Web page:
The Local Authorities (Indemnities for Members and Officers) Order 2006 and the Welsh Government's accompanying guidelines are clear that Welsh councils may not use public funds to enable council officers and councillors to pursue libel claims through the courts, and there is a long-standing convention that councils themselves may not bring actions for defamation.
So when the chief executive of Carmarthenshire County Council brought a counter-claim against blogger Jacqui Thompson and won punitive damages of £25,000 against her on the back of it, the question arises of whether he was doing this in a personal capacity or as an arm of the council.
While the trial was in progress, anyone up and about in Carmarthen in the early hours may have seen two shiny black Mercedes belonging to the council heading east. Comfortably ensconced in the black leather interior were the chief executive himself, his wife and various council functionaries, including the authority's Head of Law and, bizarrely, the manager of the council's press office.
The limos purred along the M4 to Swansea, where the worthies boarded a train with first class return tickets for London.
The press office was quick to issue a press release welcoming the judge's verdict on 15 March, and the chief executive gave interviews to local newspapers.
Clearly that was not enough. It is understood that some councillors are now being fed with extracts from the court transcript, although for what purpose it is not clear, and yesterday, 10 days after the verdict, an article appeared as the centrepiece on the council's web site giving links to the text of the judgement.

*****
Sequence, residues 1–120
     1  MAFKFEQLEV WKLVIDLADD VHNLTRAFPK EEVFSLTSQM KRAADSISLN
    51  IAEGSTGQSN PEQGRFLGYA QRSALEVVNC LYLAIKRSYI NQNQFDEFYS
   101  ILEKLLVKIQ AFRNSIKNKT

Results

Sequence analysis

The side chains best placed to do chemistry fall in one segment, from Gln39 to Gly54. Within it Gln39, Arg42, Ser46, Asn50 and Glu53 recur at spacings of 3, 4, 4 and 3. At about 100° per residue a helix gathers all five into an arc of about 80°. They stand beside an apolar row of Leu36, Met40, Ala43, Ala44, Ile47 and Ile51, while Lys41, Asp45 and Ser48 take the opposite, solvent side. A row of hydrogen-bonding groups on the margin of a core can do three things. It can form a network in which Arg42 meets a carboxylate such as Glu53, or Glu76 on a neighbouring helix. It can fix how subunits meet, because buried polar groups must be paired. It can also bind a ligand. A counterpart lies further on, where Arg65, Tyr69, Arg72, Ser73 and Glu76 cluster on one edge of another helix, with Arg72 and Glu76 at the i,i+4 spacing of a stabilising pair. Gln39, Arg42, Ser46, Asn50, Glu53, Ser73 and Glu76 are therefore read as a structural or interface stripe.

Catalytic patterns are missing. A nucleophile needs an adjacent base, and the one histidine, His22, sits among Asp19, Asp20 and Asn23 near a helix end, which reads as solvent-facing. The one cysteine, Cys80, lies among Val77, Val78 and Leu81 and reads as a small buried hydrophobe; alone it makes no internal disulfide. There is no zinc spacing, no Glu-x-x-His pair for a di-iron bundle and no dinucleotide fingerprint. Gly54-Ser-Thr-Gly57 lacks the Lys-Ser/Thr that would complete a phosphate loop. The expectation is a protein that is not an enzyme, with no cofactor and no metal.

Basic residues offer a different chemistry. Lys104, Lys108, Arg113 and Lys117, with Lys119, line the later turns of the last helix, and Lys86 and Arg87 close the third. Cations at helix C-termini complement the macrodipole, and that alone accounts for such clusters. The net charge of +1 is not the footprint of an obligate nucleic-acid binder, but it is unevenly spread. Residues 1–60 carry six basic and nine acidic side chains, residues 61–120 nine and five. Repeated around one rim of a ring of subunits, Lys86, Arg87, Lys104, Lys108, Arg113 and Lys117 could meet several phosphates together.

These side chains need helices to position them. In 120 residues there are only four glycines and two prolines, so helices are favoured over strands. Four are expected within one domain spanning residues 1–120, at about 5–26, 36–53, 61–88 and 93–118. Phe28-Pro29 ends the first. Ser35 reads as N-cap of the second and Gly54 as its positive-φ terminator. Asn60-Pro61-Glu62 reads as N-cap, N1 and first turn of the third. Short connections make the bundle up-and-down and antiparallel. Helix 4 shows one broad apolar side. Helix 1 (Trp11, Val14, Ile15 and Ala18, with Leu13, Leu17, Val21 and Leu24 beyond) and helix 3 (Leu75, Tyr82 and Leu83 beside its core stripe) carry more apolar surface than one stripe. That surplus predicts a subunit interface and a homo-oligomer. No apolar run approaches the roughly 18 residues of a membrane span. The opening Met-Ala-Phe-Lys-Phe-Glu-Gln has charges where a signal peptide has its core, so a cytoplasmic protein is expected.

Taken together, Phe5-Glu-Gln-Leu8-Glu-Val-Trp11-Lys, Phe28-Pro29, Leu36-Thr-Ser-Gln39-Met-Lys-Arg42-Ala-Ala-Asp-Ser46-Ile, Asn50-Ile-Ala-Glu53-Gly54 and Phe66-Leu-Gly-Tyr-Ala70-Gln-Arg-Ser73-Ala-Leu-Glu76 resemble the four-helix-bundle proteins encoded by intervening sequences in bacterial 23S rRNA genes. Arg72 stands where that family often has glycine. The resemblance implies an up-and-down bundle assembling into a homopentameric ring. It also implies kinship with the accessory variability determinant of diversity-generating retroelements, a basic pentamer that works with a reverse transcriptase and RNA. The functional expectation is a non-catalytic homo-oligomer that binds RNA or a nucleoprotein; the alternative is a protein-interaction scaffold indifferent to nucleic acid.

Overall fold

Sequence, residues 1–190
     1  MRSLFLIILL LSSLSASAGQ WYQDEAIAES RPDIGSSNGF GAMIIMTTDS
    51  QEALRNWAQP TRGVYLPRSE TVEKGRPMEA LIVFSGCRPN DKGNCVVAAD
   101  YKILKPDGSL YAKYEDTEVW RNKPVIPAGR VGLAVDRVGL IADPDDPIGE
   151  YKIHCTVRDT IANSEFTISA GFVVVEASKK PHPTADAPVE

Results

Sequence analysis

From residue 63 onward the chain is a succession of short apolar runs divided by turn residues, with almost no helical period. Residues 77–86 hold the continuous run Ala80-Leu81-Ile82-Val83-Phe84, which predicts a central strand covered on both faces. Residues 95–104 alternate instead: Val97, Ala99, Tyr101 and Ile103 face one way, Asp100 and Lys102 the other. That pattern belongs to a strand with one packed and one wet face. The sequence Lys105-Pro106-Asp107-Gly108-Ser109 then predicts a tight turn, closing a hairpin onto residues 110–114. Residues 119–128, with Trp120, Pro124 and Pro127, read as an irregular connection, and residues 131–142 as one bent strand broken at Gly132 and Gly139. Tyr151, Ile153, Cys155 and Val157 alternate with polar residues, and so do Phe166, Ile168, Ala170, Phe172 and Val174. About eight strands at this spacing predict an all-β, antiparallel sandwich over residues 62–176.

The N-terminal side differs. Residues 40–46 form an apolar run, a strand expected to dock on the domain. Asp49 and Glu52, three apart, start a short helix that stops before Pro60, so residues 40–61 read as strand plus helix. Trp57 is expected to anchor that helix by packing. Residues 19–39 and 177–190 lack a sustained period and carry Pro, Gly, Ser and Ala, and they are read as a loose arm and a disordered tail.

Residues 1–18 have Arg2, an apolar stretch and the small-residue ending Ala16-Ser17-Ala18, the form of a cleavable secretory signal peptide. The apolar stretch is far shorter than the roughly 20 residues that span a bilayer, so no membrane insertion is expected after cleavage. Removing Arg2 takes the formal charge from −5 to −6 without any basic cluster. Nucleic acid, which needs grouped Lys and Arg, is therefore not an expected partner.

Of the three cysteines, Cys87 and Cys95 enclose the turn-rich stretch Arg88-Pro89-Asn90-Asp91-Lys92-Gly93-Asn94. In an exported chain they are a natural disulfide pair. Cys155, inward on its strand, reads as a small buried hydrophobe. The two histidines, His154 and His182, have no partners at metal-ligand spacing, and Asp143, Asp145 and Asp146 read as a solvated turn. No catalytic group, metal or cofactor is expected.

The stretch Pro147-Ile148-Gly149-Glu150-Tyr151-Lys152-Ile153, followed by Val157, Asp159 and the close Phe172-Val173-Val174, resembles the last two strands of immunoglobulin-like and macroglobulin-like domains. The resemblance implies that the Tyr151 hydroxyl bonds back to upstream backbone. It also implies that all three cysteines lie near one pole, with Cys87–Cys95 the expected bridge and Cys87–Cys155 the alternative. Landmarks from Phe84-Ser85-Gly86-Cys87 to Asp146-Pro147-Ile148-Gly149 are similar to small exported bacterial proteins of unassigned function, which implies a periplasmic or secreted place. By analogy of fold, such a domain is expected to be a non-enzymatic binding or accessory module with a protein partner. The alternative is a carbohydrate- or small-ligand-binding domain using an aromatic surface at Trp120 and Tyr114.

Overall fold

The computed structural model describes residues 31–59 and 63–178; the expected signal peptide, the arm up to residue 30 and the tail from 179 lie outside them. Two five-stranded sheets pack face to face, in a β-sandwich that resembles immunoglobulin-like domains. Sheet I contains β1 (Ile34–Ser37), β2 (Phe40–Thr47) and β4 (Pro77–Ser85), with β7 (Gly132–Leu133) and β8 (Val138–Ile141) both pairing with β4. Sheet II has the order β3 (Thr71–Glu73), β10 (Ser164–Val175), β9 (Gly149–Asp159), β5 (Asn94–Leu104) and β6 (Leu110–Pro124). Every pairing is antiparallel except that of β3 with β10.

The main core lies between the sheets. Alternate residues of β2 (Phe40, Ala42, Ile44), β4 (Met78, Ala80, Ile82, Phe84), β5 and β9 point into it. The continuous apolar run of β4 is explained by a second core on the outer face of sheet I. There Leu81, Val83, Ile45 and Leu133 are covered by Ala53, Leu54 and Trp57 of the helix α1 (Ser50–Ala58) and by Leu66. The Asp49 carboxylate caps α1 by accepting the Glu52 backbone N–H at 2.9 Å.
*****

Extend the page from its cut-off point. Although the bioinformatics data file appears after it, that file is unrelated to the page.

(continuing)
All of this is in stark contrast to the council's extreme reluctance to tell its councillors and the public whenever the Ombudsman for Public Services issues reports which show the authority in a less than flattering light.
It may be a coincidence, but Mr James told the Carmarthen Journal in his interview that county councillors would all be given training in defamation law to prepare them for the broadcasting of council meetings.
The training will no doubt emphasise the dire consequences that may await all those who speak out of turn, and Jacqui Thompson will almost certainly be held up as a warning.
This will not be a problem for those councillors who rarely if ever speak in council meetings, but it may well be enough to convince others that the best policy is to keep quiet as well and leave all the talking to Mr James.
Who knows, perhaps Mr James may next decide that to drive his message home, a parade of open topped buses around Carmarthen and Llanelli is appropriate. He can be sure of a warm welcome from council tax payers, that's for sure.